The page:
Lift Truck Tips: The balance of power
The right tools and practices can ensure a fleet is efficiently consuming power instead of recklessly eating into profits.
By Josh Bond, Senior Editor · October 8, 2018
The Great Recession, the doubling of lead-acid battery prices and the Amazon Effect are just a few factors driving the lift truck market’s efforts to trim waste. Not surprisingly, the lift truck’s diet—its pattern of power consumption and related costs—is key to getting fleets in shape.
Battery inventory and fuel costs came under the microscope while lithium-ion and hydrogen fuel cell options hit the market as viable alternatives. At the same time, telematics and fleet management empowered managers with data and tools to capture costs and prove value.
Kevin Paramore, sales and marketing manager for motive power and telematics at Yale Materials Handling Corp., remembers the way things were years ago at his previous employer.
“We played the musical truck game,” Paramore recalls. “One third of the fleet charging, one third cooling, and one third utilized. We had too many trucks.”
Fleets with too many batteries—at least three for every truck—were just as common. As managers explored opportunity charging or fast-charging technologies to bring the battery-to-truck ratio closer to 1:1, the margin for error grew smaller while the penalties grew bigger.
“Before making any changes, it’s important to take a step back and make sure you are using the motive power source that gives you the biggest bang for the buck,” Paramore says. “No matter how happy you are with what you have, make sure you understand your current power source, explore others and how they apply to your application, and always have an alternative method in mind.”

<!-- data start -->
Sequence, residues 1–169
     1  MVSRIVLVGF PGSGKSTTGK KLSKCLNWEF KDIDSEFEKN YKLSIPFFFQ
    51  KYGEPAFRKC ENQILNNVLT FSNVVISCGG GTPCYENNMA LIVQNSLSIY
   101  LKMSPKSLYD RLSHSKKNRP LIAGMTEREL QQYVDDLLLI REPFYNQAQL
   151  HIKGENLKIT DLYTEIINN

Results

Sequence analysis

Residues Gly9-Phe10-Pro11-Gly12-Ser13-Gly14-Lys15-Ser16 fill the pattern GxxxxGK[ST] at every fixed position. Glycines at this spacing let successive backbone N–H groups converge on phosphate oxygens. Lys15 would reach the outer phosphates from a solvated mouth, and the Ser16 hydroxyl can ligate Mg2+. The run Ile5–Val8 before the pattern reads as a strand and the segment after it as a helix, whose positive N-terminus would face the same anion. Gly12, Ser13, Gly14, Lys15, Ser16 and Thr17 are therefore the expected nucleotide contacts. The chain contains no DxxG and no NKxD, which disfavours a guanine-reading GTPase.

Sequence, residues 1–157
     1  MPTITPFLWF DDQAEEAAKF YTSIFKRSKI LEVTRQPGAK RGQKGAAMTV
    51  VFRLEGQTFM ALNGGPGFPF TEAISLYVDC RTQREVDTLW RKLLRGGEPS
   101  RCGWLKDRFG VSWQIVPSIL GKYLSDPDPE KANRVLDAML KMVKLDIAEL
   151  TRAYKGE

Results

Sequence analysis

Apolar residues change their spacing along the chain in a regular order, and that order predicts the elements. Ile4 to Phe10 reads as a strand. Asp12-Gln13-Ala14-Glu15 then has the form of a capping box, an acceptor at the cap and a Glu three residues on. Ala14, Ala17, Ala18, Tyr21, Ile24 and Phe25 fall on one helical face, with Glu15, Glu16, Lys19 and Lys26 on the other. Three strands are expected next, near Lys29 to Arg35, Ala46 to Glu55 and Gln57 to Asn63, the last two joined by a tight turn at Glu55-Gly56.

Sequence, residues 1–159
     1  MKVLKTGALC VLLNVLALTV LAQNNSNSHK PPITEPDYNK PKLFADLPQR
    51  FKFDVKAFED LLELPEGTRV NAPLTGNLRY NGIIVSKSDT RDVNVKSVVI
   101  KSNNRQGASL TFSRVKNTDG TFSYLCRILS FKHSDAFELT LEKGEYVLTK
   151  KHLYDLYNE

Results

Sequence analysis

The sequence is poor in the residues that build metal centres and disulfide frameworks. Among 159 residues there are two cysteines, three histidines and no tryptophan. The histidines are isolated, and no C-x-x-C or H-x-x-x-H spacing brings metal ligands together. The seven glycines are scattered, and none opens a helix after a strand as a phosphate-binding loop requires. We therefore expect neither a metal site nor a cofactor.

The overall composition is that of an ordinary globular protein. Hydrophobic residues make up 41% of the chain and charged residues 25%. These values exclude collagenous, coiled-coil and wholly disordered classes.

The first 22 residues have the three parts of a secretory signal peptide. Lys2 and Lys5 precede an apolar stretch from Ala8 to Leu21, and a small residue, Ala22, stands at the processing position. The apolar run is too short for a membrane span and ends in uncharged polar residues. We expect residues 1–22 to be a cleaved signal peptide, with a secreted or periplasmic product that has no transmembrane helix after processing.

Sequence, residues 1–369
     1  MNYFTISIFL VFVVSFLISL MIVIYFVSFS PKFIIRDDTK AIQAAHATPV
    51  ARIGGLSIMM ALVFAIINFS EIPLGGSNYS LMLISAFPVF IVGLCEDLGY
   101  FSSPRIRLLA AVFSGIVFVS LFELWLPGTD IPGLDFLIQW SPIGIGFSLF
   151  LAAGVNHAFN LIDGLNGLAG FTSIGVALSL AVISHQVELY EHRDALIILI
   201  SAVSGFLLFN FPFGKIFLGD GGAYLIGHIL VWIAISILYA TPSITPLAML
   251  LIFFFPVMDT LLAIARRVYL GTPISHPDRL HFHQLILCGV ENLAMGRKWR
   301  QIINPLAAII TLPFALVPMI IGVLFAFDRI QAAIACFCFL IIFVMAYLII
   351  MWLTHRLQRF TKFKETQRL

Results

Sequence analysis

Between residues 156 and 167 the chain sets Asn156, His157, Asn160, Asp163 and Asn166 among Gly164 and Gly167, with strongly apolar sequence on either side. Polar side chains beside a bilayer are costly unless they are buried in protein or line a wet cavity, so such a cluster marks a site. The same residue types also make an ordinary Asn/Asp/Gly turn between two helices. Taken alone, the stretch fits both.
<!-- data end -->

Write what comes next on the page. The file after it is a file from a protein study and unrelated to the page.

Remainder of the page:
Paramore describes a Canadian company that was excited to move its fleet into a new facility. Unfortunately, the electrical grid at the new location was not sufficient to charge that fleet and wouldn’t be for several years.
“They couldn’t get rid of the old facility because they were charging trucks there and delivering them to the new one,” he recalls. “Obviously, the planning was not very good.”
Problems are not always so apparent. One customer might not know its six-minute battery changes are among the fastest. Another might not fully appreciate that its 48-minute battery changes (true story) are less than ideal.
Step one? Conduct a site survey to evaluate the efficiency of existing equipment, power sources and practices, and identify areas for improvement. Make decisions based on factual data. Have a way to capture information from lift trucks and power sources. Paramore recommends contacting a third party with a motive power expert who is source-agnostic.
“It’s human nature to feel you’re doing a good job since ‘we’ve always done it this way.’ But maybe you’ve never seen the greener pastures,” Paramore adds. “Find someone with a well-rounded view who can study your site and behavior and determine if you’re using the right power source that drives down your costs.